Norovirus 2016 (stomach flu) outbreak caused more than 200 illnesses at a Pennsylvania college

norovirus-2016-stomach-flu-outbreak-caused-more-than-200-illnessesNorovirus 2016 (stomach flu) outbreak has caused more than 200 illnesses at a Pennsylvania college. Ursinus College in Pennsylvania completely shut down following the norovirus outbreak. The on-campus cafeteria is being blamed for the cause of the outbreak and is the center of the investigation.

Montgomery County Health Department investigators found numerous health infractions including dead bugs, pesticides near food, unclean surfaces, and improper hand-washing practices.


Julie Paoline, division director of Communicable Disease Control Montgomery County Health Department, said in a press release, “At this time, the Health Department believes that Ursinus College administration and its staff have done everything they can do in terms of focusing on monitoring illness, promoting hand hygiene, conducting environmental disinfection, and excluding ill food workers. There are no additional recommendations from the department at this time. This will need to run its course.”

As of February 16, the outbreak is still under investigation, as the cafeteria has yet to be confirmed as the source of the outbreak. The news release stated, “While the [Montgomery County Health Department’s] first report cited some violations, all violations have since been corrected and the health department issued its second Inspection Report for Food Establishments Saturday, revealing that Ursinus College and its Wismer Hall dining facilities are in compliance with the county and had met the department’s recommendations. The college voluntarily and precautionary closed Wismer Dining Hall on Wednesday before reopening on Thursday for dinner, and since then has remained operational.”

University of Michigan students affected by possible norovirus outbreak

The University of Michigan is also under investigation for a possible norovirus outbreak that has sickened 100 students. The students began experiencing diarrhea and vomiting. The suspected source of the virus stemmed from the South Quad dining hall.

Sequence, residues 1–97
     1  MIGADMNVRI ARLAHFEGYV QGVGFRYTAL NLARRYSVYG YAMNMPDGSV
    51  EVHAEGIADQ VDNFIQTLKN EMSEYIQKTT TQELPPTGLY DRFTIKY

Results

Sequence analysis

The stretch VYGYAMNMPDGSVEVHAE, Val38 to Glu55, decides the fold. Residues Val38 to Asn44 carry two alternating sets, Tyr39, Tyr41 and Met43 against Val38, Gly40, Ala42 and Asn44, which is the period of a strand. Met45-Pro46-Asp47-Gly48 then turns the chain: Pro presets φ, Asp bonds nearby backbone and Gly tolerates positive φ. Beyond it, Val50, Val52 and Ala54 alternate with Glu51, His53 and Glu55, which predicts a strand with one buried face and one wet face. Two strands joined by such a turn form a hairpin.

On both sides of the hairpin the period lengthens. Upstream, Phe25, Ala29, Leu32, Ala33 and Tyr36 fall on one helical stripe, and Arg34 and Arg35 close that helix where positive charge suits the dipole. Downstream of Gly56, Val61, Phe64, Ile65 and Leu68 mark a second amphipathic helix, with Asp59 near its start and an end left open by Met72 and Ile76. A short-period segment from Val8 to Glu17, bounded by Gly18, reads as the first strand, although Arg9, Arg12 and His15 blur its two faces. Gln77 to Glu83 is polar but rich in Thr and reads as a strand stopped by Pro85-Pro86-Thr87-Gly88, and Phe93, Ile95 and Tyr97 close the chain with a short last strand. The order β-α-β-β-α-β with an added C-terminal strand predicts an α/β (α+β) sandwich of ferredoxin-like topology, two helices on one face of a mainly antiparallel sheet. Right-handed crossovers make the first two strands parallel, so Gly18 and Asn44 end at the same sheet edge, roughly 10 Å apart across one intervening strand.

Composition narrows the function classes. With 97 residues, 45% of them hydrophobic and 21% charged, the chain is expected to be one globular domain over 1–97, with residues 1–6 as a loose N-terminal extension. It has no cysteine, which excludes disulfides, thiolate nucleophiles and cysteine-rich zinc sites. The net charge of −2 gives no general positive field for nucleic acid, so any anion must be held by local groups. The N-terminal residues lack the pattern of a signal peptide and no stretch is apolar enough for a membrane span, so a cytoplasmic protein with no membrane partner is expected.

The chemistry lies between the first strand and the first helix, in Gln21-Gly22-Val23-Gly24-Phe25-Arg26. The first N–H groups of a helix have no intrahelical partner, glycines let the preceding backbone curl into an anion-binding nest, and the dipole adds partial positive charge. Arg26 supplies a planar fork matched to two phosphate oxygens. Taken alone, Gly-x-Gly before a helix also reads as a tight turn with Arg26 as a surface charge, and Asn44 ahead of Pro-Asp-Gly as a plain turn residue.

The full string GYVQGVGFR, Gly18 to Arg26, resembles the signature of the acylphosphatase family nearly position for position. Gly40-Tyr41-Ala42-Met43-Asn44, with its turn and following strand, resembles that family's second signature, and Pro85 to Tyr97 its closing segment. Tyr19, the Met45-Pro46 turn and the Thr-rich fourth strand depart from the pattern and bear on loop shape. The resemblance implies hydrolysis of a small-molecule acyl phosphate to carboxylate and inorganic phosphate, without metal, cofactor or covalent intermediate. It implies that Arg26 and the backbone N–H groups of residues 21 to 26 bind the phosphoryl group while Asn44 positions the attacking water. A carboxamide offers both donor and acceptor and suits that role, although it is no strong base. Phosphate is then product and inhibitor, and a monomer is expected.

Dr. Robert Winfield, executive director of UHS, said, “This began sometime last evening, and people continued to be sick through the night, and the morning — some people showing improvement.”

“We have tested a number of people who are sick by taking stool cultures and sending them to Michigan Department of Community Health in Lansing. It takes about three to five days to receive results back for norovirus testing,” added Dr. Winfield.

The university is recommending that students who believe they have been infected quarantine themselves for at least 48 hours or until they are no longer experiencing symptoms.

Dr. Winfield explained, “There are three ways an outbreak can occur. This is a season where the norovirus, or the cruise ship virus, infections can become prevalent — it’s a very contagious virus and it’s harder to kill with regular cleaning supplies. The second way can be food-related, and symptoms usually occur six to 10 hours within consumption. The third potential cause is from germs that are alive inside some kind of food — things like E. coli and Salmonella.”

Although norovirus has been suspected, it has yet to be confirmed as the cause for the gastrointestinal symptoms.

Proper hygiene techniques are being advised, such as frequently and properly washing your hands and avoiding touching surfaces.

The university has received backlash from students for not properly warning them of a potential outbreak and keeping information under the rug, but for now students are advised to fill out a form in case they must miss class due to the food-borne illness.

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Author Bio

Mohan Garikiparithi got his degree in medicine from Osmania University (University of Health Sciences). He practiced clinical medicine for over a decade before he shifted his focus to the field of health communications. During his active practice he served as the head of the Dept. of Microbiology in a diagnostic centre in India. On a three-year communications program in Germany, Mohan developed a keen interest in German Medicine (Homoeopathy), and other alternative systems of medicine. He now advocates treating different medical conditions without the use of traditional drugs. An ardent squash player, Mohan believes in the importance of fitness and wellness.